How Far Was Finance the Reason for the Collapse of Relationship Between Crown and Parliament in the Years 1625 to 1629?

758 Words4 Pages
Although finance played a significant role in the deterioration of the relationship between Crown and Parliament, it was not the lone reason, due to the fact that there were other more important factors including foreign policy and Buckingham which caused the collapse in the relationship between Crown and Parliament. Firstly, finance was a critical factor in the breakdown in the relationship. For example, the Forced Loan caused a great amount of tension between Crown and Parliament and therefore, worsened relations. It worsened relations because Charles enforced illegal taxations on his subjects without any form of consent from Parliament. He required that his subjects “loan him the equivalent of five subsidies” and although it was “opposed by significant numbers in the localities,” the taxation still occurred as the government had “employed all its powers to eliminate resistance”. Moreover, the Forced Loan only happened as a result of Charles dismissing the 1626 Parliament, forfeiting his opportunity of obtaining further grants for his wartime expenditure. Parliament had already been antagonised by Charles’ decision to dismiss them and now that Charles was forcing taxation on others in order to fund his wartime expenditure, due to disastrous foreign policy which Parliament largely disagreed with, it is clear that the Forced Loan had worsened relations greatly. In addition to this, the financing of foreign policy also affected the relationship between Crown and Parliament. As stated previously, the Forced Loan existed to fund England’s wars considering that Parliament was reluctant to grant Charles further subsidies. Foreign policy had been dreadful for England since Charles had become King due to large scale operations such as the Cadiz Expedition failing miserably. As such, it was becoming increasingly more expensive to fund. Due to this Charles demanded more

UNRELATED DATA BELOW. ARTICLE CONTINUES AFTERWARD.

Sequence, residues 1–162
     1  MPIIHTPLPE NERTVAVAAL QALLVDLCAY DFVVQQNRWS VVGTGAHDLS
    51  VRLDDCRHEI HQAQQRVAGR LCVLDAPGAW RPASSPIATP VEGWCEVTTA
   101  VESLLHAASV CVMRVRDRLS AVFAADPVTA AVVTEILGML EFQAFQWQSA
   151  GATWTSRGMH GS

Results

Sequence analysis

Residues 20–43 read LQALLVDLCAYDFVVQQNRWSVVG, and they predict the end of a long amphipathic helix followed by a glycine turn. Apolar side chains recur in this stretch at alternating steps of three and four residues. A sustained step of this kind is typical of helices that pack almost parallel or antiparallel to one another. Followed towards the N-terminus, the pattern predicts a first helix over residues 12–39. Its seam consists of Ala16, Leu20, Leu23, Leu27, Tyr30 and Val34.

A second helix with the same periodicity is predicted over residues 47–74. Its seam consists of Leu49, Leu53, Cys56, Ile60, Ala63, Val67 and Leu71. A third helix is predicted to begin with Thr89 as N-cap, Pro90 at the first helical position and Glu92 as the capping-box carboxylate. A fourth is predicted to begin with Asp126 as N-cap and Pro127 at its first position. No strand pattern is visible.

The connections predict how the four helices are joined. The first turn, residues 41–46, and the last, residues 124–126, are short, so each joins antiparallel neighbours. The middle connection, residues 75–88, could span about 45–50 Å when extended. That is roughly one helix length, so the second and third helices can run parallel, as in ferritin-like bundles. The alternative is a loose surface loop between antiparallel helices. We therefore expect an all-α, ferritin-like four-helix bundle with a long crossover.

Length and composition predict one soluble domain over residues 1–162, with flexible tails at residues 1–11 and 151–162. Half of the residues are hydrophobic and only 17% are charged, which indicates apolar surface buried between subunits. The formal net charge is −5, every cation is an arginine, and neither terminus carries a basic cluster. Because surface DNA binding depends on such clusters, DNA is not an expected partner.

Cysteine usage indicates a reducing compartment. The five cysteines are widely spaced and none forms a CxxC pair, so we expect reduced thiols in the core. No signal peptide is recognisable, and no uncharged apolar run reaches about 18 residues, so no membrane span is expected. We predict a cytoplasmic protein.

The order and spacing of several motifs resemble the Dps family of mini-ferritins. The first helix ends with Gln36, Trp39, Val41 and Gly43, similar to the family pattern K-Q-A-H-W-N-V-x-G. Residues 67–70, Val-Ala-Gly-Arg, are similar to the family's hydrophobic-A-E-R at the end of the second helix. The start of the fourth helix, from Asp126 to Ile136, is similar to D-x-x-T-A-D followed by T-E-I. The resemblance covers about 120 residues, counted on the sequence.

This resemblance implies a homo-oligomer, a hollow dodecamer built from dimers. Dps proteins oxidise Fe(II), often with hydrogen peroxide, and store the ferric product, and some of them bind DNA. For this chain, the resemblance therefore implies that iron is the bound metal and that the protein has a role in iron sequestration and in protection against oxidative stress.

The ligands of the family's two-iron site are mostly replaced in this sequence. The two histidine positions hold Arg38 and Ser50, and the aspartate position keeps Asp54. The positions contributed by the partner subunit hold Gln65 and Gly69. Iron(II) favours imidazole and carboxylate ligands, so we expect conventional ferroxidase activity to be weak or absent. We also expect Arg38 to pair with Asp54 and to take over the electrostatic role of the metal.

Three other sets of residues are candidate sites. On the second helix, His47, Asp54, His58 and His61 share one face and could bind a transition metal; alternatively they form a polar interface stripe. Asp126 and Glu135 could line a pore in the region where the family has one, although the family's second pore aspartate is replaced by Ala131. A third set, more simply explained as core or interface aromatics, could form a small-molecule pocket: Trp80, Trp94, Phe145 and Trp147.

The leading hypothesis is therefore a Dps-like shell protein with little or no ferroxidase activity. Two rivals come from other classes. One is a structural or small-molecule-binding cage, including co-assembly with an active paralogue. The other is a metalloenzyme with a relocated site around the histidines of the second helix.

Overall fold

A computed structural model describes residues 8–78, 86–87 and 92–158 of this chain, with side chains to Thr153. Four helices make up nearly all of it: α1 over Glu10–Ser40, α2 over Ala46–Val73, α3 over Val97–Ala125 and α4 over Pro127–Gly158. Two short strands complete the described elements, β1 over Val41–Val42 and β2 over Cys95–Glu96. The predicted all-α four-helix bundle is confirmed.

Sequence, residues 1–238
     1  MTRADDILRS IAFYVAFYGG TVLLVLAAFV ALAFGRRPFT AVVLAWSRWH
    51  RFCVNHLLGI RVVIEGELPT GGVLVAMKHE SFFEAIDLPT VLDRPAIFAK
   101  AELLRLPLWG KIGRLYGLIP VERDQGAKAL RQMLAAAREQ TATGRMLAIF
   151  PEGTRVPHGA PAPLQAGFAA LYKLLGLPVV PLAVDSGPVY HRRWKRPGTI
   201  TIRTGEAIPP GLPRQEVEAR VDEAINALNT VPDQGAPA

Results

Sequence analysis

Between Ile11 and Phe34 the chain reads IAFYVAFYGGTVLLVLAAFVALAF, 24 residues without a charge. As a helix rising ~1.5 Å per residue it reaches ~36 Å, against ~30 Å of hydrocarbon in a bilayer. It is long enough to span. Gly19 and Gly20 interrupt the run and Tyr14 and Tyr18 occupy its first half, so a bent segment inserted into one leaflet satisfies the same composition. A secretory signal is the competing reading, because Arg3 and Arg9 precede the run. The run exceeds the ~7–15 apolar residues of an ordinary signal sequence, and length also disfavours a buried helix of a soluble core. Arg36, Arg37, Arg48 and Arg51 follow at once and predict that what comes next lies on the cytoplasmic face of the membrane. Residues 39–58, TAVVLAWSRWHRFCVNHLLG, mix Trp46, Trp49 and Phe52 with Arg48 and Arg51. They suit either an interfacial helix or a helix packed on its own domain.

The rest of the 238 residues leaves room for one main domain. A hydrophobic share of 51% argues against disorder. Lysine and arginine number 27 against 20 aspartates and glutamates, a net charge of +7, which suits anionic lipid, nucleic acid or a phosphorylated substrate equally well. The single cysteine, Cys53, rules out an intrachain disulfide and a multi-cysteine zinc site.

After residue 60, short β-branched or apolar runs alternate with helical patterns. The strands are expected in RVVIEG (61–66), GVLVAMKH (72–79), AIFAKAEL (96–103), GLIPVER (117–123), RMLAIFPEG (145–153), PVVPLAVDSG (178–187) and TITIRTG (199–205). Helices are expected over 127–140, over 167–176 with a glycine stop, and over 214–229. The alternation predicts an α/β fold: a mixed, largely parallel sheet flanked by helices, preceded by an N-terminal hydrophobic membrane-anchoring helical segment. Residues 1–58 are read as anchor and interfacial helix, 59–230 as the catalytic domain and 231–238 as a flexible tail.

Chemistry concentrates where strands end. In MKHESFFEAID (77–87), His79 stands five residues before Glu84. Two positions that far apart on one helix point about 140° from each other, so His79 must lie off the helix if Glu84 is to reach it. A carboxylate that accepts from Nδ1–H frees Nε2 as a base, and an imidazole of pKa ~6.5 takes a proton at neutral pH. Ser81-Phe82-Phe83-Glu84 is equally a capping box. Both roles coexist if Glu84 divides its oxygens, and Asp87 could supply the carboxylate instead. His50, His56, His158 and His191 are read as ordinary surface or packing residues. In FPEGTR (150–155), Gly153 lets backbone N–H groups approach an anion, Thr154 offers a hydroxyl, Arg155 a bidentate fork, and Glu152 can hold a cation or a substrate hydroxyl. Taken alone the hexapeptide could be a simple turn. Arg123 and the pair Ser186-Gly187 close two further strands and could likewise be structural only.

Open Document